Drug problems are not just confined to taking illegal substances and street drugs, like heroin and ecstasy. In the past few years, there has been a marked increase in people in the UK being admitted to rehab for addiction to prescription drugs. Many people become addicted to prescription medication as a result of injury or trauma. They are initially prescribed the drugs for a good reason but due to the potency of certain prescription medication, it is easy to become addicted. When they can no longer get a prescription from a doctor for the medication that they have become addicted to, these people will turn to illegal drugs that they can buy on the street or the dark web to get their fix.

 

Treatment for drug addiction can be successful

Drug addiction is a social problem that needs to be taken seriously by society as a whole and not be swept under the carpet. One of the best ways to deal with drug dependency is for the addict to get the help that they need and for their family to be supported through the recovery process. Fortunately, there are a number of detox and rehab options for addicts in the UK. There are programmes that are provided by the NHS as well as private treatment options.

Residential rehab treatment has proved to be one of the most effective ways of treating drug addiction. One of the reasons that residential rehab is successful is because it removes you from the toxic environment and people that are enabling your addiction and allows you to focus solely on your recovery without distractions and temptations. This gives you the best opportunity to regain control of your life and make good decisions regarding your future.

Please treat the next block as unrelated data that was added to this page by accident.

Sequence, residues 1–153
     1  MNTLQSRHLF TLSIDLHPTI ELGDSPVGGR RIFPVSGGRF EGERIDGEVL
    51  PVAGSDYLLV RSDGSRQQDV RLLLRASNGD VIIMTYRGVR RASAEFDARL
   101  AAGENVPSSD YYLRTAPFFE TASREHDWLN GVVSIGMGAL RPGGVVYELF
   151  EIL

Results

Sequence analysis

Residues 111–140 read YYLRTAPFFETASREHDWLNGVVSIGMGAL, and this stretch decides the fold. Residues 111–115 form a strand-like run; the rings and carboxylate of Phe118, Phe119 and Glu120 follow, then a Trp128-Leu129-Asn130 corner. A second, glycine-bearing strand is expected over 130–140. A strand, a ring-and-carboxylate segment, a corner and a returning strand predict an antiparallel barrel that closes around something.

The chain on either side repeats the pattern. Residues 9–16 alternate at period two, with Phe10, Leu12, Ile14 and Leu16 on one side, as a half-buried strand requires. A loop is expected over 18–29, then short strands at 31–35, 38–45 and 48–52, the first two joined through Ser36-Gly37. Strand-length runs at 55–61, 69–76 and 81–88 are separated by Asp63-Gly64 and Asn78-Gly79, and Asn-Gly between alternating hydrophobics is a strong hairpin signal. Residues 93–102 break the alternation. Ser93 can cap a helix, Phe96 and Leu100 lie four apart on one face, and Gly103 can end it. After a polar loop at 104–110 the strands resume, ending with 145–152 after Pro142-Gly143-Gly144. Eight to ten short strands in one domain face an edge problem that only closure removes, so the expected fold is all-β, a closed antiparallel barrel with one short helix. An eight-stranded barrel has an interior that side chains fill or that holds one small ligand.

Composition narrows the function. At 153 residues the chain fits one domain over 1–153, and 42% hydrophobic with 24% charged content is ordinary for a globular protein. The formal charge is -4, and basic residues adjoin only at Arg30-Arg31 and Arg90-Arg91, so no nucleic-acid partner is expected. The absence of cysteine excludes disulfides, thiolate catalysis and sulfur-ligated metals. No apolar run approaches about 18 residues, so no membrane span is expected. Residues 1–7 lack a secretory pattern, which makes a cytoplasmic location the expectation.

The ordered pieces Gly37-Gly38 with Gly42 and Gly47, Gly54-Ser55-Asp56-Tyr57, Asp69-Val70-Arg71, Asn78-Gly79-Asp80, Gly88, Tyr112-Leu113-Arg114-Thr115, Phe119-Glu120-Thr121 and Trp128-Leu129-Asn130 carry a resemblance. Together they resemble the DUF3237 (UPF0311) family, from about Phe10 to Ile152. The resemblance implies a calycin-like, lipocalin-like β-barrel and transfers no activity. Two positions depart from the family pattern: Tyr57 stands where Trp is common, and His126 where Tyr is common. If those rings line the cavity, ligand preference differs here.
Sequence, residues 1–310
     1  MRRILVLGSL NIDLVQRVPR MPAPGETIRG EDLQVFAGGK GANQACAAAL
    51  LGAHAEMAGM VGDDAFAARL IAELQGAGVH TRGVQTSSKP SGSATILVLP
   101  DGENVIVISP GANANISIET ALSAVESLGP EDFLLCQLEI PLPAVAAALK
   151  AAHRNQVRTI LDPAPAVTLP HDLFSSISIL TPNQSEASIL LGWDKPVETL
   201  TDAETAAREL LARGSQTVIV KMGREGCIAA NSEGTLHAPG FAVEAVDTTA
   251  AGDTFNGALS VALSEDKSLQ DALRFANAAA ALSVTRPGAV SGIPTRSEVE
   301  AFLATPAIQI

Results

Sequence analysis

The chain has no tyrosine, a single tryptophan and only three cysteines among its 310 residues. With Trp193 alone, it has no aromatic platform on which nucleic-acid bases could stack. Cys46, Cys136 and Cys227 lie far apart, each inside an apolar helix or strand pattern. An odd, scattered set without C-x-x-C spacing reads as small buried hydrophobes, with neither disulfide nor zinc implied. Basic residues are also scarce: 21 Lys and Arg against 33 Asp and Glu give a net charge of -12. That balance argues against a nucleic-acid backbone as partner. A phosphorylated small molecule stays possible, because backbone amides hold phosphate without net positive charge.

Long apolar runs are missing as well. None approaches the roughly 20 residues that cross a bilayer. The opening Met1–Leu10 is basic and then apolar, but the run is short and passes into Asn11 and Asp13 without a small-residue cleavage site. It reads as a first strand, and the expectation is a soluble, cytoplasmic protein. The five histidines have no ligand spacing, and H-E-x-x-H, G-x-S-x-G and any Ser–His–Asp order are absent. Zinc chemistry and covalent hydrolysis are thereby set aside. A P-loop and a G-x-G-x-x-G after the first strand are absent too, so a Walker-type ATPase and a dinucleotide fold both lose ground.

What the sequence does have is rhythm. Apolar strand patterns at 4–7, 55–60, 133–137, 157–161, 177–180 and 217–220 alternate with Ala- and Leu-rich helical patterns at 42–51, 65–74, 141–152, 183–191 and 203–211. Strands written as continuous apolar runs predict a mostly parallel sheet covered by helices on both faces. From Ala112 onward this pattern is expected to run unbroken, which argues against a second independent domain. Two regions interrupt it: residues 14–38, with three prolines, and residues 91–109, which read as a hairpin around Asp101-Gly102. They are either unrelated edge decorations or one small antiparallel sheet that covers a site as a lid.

Residential rehab usually starts with an in-depth interview to establish the severity, frequency and length of your addiction. When you are admitted to a residential rehab facility, if necessary, you will undergo medically assisted detox and be given prescription medication to wean your body off drugs and help you cope with the withdrawal symptoms. This is a necessary step for people who are suffering from severe long-term addiction as some of the withdrawal symptoms from drugs and alcohol can be life-threatening. After you have completed the detox process you will take part in rehab therapy sessions. This will usually include cognitive behavioural therapy, group support, family sessions and one-on-one counselling.

Ocean Recovery & Wellness Centre has helped thousands of addicts overcome their addiction and regain control of their lives. The road to recovery begins with the first step and you can contact us at any time to get more information and advice on treatment options.

John Gillen - Director at Ocean Recovery
John Gillen

John is one UK’s leading professionals in the addiction recovery industry. Pioneering new treatment techniques such as NAD+ and ongoing research into new therapy techniques such as systematic laser therapy, John is committed to providing the very best treatment for people throughout the UK and Europe. During his extremely busy schedule, John likes to regularly update our blog section with the latest news and trends in the industry to keep visitors to our site as well informed as possible on everything related to addiction treatment.